By Andrew Moran
Saudi Arabia, the world’s largest crude oil exporter, is considering trading in currencies other than the U.S. dollar, a kingdom official revealed.
Mohammed Al-Jadaan, a Saudi minister of finance, told Bloomberg TV in Davos, Switzerland, on Tuesday that officials are open to potentially utilizing other currencies as the energy juggernaut bolsters relations with its strategic partners.
“There are no issues with discussing how we settle our trade arrangements, whether it is in the U.S. dollar, whether it is the euro, whether it is the Saudi riyal,” he said. “I don’t think we are waving away or ruling out any discussion that will help improve the trade around the world.”
He noted that Riyadh maintains a “very strategic relationship” with the United States, China, and Europe and “other countries who are willing and able to work with us.” The Saudi minister added that the kingdom is partnering with multilateral institutions to support nations it considers “vulnerable,” including Egypt, Pakistan, and Turkey. This includes increasing its foreign-currency reserves, extending deposits and grants, and providing oil and other petroleum products.
Since the 1970s, the Saudi Arabian currency has had a currency peg to the U.S. dollar. Over the last few decades, the kingdom has played a critical role in sustaining the petrodollar system that prices crude oil exports in the dollar. Today, 80 percent of international oil transactions are priced in dollars.
Over the last year, the strength of the U.S. dollar has been a problem for foreign markets because a stronger dollar makes dollar-denominated commodities more expensive to purchase. The U.S. Dollar Index (DXY), a measurement of the U.S. currency against a basket of currencies, surged last year, but it has been on a decline since November.
De-Dollarization in Oil Markets?
In March, The Wall Street Journal reported that Riyadh was mulling over a plan to price its crude sales to Beijing in the Chinese yuan. The newspaper noted that the kingdom had become increasingly frustrated over President Joe Biden and his administration, and it was looking to shift its focus to more amenable Asian markets, including China.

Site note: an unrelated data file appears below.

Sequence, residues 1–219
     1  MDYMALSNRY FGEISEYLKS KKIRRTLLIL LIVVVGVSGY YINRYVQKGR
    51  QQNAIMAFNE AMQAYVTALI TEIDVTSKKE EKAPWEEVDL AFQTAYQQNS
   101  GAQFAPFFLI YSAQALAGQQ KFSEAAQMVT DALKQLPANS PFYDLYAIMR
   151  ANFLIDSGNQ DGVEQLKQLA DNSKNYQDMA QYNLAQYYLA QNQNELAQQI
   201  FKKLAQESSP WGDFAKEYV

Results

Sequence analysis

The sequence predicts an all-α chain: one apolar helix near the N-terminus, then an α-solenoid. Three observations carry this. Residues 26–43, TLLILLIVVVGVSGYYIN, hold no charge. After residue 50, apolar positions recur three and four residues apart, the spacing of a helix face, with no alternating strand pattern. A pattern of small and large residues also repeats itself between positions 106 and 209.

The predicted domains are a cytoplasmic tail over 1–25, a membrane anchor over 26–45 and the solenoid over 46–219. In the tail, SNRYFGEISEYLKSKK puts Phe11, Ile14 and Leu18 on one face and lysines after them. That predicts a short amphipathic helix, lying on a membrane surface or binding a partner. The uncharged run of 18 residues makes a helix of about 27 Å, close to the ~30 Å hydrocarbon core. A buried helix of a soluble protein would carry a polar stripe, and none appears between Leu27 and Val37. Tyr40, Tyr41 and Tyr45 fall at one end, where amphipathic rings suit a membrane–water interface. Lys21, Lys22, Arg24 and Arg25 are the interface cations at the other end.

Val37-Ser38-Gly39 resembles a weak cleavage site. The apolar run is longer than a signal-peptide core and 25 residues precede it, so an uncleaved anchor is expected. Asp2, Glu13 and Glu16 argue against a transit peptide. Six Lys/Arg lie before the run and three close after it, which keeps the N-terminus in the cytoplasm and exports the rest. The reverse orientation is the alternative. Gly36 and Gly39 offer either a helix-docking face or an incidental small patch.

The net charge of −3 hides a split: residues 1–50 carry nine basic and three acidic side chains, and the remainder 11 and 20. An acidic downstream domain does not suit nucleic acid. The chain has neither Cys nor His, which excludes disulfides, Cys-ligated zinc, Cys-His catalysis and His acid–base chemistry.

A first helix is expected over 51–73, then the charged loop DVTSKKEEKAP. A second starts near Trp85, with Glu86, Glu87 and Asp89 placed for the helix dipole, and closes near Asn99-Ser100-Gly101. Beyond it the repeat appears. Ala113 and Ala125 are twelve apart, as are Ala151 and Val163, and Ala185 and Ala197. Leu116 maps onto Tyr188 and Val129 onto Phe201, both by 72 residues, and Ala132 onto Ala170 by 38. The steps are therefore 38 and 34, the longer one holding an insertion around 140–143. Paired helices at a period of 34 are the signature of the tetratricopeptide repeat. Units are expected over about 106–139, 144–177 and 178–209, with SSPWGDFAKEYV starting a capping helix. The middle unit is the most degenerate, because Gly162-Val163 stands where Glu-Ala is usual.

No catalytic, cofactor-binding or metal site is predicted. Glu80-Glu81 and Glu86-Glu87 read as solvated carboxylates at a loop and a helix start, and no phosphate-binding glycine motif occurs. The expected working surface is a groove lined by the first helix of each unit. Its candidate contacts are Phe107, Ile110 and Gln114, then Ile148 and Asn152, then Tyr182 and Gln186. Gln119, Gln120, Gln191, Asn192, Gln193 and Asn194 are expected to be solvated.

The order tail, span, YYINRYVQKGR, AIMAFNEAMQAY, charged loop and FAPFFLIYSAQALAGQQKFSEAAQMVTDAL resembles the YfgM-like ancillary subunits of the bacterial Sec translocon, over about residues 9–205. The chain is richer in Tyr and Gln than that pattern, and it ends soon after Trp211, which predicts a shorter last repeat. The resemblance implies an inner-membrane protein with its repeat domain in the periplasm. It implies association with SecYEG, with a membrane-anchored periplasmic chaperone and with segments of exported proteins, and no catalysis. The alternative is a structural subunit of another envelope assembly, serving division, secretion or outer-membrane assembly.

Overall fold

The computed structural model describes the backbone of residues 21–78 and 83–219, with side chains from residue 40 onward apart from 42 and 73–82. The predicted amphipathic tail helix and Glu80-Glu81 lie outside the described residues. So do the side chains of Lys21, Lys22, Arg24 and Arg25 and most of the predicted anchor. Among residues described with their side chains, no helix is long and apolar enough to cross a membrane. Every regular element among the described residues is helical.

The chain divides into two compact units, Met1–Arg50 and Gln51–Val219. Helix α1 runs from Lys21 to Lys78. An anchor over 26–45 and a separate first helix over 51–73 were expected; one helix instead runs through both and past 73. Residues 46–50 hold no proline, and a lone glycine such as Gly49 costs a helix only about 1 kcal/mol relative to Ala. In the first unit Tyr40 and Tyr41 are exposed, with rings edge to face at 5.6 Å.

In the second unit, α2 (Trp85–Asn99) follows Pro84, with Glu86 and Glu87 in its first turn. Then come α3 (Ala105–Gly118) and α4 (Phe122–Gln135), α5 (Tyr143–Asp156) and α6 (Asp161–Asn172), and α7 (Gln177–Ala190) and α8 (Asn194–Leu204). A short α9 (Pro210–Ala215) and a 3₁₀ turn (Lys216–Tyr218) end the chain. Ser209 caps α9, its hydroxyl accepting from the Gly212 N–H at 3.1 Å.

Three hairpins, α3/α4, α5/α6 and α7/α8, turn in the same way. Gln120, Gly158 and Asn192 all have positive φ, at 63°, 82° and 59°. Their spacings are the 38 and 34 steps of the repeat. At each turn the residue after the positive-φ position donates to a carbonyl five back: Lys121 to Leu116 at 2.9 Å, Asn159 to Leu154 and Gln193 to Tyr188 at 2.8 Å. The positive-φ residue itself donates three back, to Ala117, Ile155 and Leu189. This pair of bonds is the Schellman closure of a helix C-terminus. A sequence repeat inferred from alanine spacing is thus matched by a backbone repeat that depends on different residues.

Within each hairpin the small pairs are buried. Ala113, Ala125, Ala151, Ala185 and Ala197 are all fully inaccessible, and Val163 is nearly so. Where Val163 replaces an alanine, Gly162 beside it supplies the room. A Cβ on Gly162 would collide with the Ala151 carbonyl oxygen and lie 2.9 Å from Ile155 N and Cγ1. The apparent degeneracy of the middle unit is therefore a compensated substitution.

Last month, China and Saudi Arabia reiterated the importance of global oil market stability and enhanced bilateral economic and trade cooperation. This included both sides agreeing to expand crude oil trade.
“The People’s Republic of China welcomed the kingdom’s role as a supporter of the balance and stability in the world oil markets, and as a reliable major exporter of crude oil to China,” the joint statement said.
Chinese leader Xi Jinping told Gulf Arab leaders that his government would attempt to purchase oil and gas in yuan, which would support Beijing’s broader efforts to boost the currency in cross-border transactions and weaken U.S. dollar hegemony. With more oil-rich states turning to China, there has been an abundance of speculation that there could be a rise of a so-called petroyuan.
Ray Dalio, the founder of Bridgewater Associates, warned that the global economy is on the brink of a new era, telling the Nikkei Review that the days of globalization and a “dollar-dominated world order” are “fading away.”
“We are now going to have the major powers and their allies form economic, currency, and military blocs,” he stated.
During the 14th BRICS Summit in June, it was announced that the five member economies—Brazil, Russia, India, China, and South Africa (BRICS)—plan to introduce a “new global reserve currency.”
“The matter of creating the international reserve currency based on the basket of currencies of our countries is under review,” Russian President Vladimir Putin said in a statement. “We are ready to openly work with all fair partners.”
Market experts believe that the system would involve a basket-based reserve currency comprising the the South African rand, Brazilian real, Russian rouble, Indian rupee, and the yuan. The objective is to ostensibly undermine the supremacy of the U.S. dollar and the International Monetary Fund’s (IMF) Special Drawing Rights (SDRs), says Chris Turner, the global head of markets and regional head of research for United Kingdom and central and Eastern Europe at ING.
“One can only think this is a move to address the perceived U.S.-hegemony of the IMF and will allow BRICS to build their own sphere of influence and unit of currency within that sphere,” Turner wrote in a note.
“Without discussing the likelihood of such a proposal turning into something tangible, Russia may have a strong motivation to participate or initiate in an IMF-like scheme in order to address the mounting pressure on its capital account.”
The global campaign to dismantle the dollar’s influence in international markets may not transform the global economy anytime soon—or if at all—but some financial analysts contend that it is unfolding now in the global oil industry.
“We are witnessing the birth of Bretton Woods III—a new world (monetary) order centered around commodity-based currencies in the East that will likely weaken the eurodollar system and also contribute to inflationary forces in the West,” wrote Zoltan Pozsar, the Credit Suisse global head of short-term interest rate strategy and a former Federal Reserve and U.S. Treasury Department official, in a note.
West Texas Intermediate (WTI) crude oil futures rose about 0.9 percent, to just under $81 on Tuesday on the New York Mercantile Exchange. Brent crude prices topped $86 per barrel on London’s ICE Futures exchange.